You would think that it would be easier to predict a statistically oriented sport like baseball than politics. New York Times blogger Nate Silver has carved out a spot on the newspaper’s website as a writer of stat-driven political commentary that is liberal-leaning but always interesting. But he started out life as a writer as someone who wrote intelligently about baseball statistics. One of the second generation of sabermetricians (a term that is derived from the acronym for the Society for American Baseball Research) who followed the trail-blazing Bill James, Silver returned to his original calling yesterday with a column about baseball for the Times’s Week in Review section.
Silver’s topic was the decline of New York Yankees shortstop and captain Derek Jeter. At the age of 36, Jeter had his first-ever substandard season in 2010, and this year has got off to another bad start. Silver compared Jeter’s predicament to that of other aging shortstops in baseball history and concluded, not unreasonably, that he was likely to be just as mediocre the rest of 2011 as he descended into the normal decline that attends the career of every player. His power, he wrote, is “almost certainly not coming back.”
But, like political predictions, even analysis as firmly grounded in history and irrefutable numbers as Silver’s can still be proven dead wrong. On the same day that Silver’s piece was published, Jeter followed up on a successful run of games by hitting two home runs—his first two of the season—and banging out four base hits in a 12-to-5 win over the Texas Rangers. While such a day might prove to be a statistical anomaly over the course of an unforgiving 162-game schedule, Jeter’s current hot streak may be the prelude to a far better season than the writer, and most others like him, predicted. Jeter may not return to the stellar play that characterized his 2009 season at age 35, but you never know if, despite history and logic, the unlikely can become reality. As the player said when asked to explain what he had just done yesterday, “That’s why you play the games.”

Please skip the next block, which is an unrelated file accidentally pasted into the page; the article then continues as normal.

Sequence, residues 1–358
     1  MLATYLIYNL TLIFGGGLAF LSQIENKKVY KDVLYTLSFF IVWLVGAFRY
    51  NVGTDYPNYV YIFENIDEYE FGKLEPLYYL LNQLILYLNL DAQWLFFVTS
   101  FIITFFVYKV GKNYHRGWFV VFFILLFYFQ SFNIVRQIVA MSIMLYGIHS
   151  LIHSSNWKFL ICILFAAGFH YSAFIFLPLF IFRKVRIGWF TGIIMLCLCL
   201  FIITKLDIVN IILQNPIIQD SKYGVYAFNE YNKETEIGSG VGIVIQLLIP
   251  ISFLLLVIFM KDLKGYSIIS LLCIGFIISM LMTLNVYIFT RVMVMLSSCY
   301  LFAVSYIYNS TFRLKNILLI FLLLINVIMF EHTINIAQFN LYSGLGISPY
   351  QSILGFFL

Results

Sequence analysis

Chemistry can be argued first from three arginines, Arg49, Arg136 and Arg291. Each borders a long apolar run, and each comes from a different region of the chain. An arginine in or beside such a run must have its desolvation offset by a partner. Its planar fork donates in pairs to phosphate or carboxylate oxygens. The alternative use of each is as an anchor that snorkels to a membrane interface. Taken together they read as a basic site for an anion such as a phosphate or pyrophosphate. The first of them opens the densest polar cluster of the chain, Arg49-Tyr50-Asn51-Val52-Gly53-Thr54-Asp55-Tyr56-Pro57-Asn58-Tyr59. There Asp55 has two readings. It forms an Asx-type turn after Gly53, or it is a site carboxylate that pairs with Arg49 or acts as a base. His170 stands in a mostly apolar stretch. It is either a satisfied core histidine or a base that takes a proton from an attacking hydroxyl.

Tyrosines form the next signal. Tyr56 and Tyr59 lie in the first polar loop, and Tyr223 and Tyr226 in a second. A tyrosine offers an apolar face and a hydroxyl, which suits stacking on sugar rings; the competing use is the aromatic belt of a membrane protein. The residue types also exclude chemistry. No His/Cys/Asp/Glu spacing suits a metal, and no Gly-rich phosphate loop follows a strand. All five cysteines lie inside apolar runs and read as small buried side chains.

And so, in a silly political season in which we have months of time to idly speculate about the outcome of races a year or more away, it is worthwhile to ponder just how wrong-headed predictions or even widely accepted conventional wisdom can be. Barack Obama may be unbeatable and outlier Tea Party candidates or more mainstream Republicans may not have a whisper of a chance. But you never know. That’s why they play the games.